40 msgkings December 16, 2016 at 8:54 pm

As a Gen X’er I saw the first Star Wars when it came out as a kid, and I can attest that today those movies seem to be mostly enjoyed by kids and their parents who were kids when the first batch came out.

41 JT December 16, 2016 at 9:02 pm

I think it’s nice that children are able to enjoy movies that their parents themselves enjoyed as children. This is an overlooked positive externality to giving a Hollywood studio a long-standing monopoly on art. It binds generations together.

42 msgkings December 16, 2016 at 10:35 pm

+100

43 Norman Pfyster December 17, 2016 at 4:57 pm

A mix at my showing. Lots of teenagers. Lots of parents with young kids. A few greybeards.

44 Chris December 16, 2016 at 4:39 pm

Saw the movie last night and the audience loved it. Among friends, consensus was it was the best movie of the franchise since the original trilogy. It certainly had the best story. I have various minor quibbles, but they simply prevent the movie from being a masterpiece as opposed to stopping your enjoyment of the movie. The final debate among the Rebels that lead to the final attack could have been handled better, but it was obvious they were really trying to build the importance of the main characters. But it doesn’t speak true. Only real weakness I can think of is that none of us remember any of the names of the characters, and despite some obvious characteristics, they all lack real personalities in the sense that you KNOW these characters. Care about them yes, but not know them. Its plot driven, not character driven.

I don’t understand comments that the plot was muddled or didn’t make sense. Seems simple to me. It explains why the Death Star had a critical flaw, and shows how the Rebels learned about it and obtained the plans. It went from one plot coupon to another.

I would give it four stars our of five. The Prequels and Force Awakens are all two and two and a half star movies.

45 Robert Simmons December 18, 2016 at 12:25 pm

I can think of one big plot problem: Why did Galen give the pilot a hologram message, instead of the plans to the Death Star?

46 Norman Pfyster December 18, 2016 at 9:21 pm

Because he didn’t have the plans in his possession? I can think of worse plot problems.

47 Dan Culley December 16, 2016 at 6:18 pm

I saw it last night. I agree the plot wasn’t muddled. It was pretty straightforward, and that to me was the problem. I found it boring.

I thought the acting was good all around, the just wasn’t much for them to work with — characters were underdeveloped.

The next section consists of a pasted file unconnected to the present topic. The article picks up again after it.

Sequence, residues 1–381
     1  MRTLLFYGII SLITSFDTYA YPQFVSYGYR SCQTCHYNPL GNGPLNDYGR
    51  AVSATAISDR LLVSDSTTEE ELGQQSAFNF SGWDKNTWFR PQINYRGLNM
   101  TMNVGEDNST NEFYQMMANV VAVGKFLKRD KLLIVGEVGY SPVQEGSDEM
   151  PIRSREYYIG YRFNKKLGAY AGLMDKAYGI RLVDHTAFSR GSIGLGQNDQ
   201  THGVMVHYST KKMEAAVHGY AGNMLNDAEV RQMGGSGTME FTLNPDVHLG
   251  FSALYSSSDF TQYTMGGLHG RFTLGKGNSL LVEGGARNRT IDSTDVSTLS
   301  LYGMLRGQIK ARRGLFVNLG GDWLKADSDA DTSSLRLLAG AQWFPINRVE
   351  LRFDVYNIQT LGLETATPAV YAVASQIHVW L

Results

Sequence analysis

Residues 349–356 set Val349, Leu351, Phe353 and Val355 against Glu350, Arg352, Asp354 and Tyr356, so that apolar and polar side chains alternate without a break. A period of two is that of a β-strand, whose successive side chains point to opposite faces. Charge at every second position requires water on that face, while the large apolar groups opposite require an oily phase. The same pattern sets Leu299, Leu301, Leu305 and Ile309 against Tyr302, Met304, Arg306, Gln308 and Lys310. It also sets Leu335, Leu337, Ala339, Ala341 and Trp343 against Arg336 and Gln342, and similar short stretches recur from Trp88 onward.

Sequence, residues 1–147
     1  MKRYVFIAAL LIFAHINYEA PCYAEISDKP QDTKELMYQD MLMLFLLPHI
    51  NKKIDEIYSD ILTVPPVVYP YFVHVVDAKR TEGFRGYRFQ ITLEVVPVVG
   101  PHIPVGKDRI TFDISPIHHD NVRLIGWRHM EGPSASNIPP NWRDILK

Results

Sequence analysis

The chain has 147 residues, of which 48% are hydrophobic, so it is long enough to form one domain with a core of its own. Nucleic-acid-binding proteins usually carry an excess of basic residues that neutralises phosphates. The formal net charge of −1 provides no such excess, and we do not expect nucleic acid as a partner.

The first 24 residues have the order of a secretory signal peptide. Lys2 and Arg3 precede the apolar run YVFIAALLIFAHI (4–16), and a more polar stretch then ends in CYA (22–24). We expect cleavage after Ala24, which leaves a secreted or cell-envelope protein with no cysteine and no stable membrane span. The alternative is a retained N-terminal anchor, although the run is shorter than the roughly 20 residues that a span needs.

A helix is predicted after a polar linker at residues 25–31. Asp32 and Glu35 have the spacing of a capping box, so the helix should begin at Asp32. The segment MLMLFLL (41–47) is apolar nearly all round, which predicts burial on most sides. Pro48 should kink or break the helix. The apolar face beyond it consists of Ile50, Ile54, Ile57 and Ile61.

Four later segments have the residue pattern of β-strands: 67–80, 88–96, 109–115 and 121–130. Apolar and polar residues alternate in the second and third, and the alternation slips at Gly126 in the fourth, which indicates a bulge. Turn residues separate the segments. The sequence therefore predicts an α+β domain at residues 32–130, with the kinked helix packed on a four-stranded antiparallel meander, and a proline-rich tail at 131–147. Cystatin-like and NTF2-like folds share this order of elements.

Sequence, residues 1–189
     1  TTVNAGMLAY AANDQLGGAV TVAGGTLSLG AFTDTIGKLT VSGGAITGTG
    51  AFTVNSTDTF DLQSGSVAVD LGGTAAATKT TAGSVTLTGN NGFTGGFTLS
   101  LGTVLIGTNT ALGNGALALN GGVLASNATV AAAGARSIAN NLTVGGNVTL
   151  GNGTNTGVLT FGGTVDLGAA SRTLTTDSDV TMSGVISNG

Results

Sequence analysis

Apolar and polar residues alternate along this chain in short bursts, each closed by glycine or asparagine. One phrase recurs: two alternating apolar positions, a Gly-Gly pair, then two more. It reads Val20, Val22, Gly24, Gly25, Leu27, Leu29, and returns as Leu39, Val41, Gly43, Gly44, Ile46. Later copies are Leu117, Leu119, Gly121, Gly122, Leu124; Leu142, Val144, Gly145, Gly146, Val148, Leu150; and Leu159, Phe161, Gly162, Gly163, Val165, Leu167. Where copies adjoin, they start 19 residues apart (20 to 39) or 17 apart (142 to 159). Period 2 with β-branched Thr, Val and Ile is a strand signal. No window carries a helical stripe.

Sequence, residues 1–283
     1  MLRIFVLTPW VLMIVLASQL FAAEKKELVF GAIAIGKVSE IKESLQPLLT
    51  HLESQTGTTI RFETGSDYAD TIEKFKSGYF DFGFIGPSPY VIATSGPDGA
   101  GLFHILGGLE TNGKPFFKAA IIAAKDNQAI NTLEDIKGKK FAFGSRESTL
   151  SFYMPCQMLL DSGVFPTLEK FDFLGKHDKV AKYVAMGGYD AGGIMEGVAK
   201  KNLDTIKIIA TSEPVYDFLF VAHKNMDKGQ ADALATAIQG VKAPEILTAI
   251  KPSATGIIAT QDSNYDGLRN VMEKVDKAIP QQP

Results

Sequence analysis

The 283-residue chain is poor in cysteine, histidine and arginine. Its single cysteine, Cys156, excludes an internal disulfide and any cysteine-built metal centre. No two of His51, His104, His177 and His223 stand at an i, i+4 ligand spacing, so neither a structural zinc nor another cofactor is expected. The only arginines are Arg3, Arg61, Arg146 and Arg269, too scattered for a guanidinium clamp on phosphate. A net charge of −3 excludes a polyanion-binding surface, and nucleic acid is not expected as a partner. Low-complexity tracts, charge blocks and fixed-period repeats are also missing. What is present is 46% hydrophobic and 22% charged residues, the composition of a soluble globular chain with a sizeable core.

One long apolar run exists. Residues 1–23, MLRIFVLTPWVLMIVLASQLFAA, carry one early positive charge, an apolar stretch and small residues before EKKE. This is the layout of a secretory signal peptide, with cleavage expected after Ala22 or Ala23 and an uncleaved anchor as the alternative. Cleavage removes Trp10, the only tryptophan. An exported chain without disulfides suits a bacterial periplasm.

Maybe I am just not as entertained by action sequences as the average person.

48 Uribe December 16, 2016 at 7:20 pm

Why do so many adults want to see children’s movies these days? I loved the original Star Wars — when I was 7. I thought Sesame Street was pretty great then too.

49 Ronald Brak December 16, 2016 at 8:39 pm

If you give me some names of what you consider to be adult movies I may be able to answer that question, provided I’ve seen some of them.

50 Uribe December 16, 2016 at 10:02 pm

I’d consider Scorsese, the Coens, Lynch, both Andersons, Tarantino, and Cronenberg as examples of contemporary directors making movies mostly for adults. Arguably, in previous generations you didn’t have so much of a focus on big budget movies for children as now.

51 Uribe December 16, 2016 at 10:12 pm

And by no means do I consider all sci-fi immature, but Star Wars sure is.

52 Ronald Brak December 17, 2016 at 12:19 am

Hmmm… Those aren’t what I would call strong adult films. I’d say what separates adult films from children’s films are:

– non-linear story telling
– a plot that requires a shared cultural and/or historical background that children simply haven’t been exposed to.
– a reliance on visual artistry. Like brussel sprouts most children haven’t developed a taste for this.

The Star Wars and comic book movies we are receiving now are, to a large part, made for audiences who don’t share our cultural and/or historical background. That is, people in China and other countries. Because they’re such a large market, films with at least one of the characteristics of children’s films are getting a lot more money than they used to and being promoted a lot more, and so we get many adults watching what appear to be children’s movies.

53 Thiago Ribeiro December 17, 2016 at 3:31 am

Tarantino?

54 Ronald Brak December 17, 2016 at 6:17 am

Let’s see – Tarantino’s movies are often non-linear. So not a child’s movie in that respect.

Required shared cultural background? Well, they generally take place in fantasy worlds that are not our own, so a child’s movie in that respect. They do definitely draw on a cultural knowledge of films that children are unlikely to have, but this knowledge, while useful, may not be essential.

A reliance on visual artistry? Whatever you think of Tarantino’s artistry, an understanding of metaphor and film conventions is probably not required.

So I would say they are adult movies, but not strong adult movies.

One more thing, due to their subject matter, showing Tarrantino movies to children may be considered child abuse in some locations and result in criminal charges. So the actual content is probably not suited for children. But I assume that goes without saying.

55 Thiago Ribeiro December 17, 2016 at 7:06 am

“One more thing, due to their subject matter, showing Tarrantino movies to children may be considered child abuse in some locations and result in criminal charges.”

So what? Gang behavior and bullying can result in criminal charges and children/teenagers keep doing it anyway. Not everything that can traumatize children for the rest of their lives is “adult”.In fact, Tarentino’s taste for stylized violence seems more childish than anything this side of the Mos Eisley Cantina’s puppets.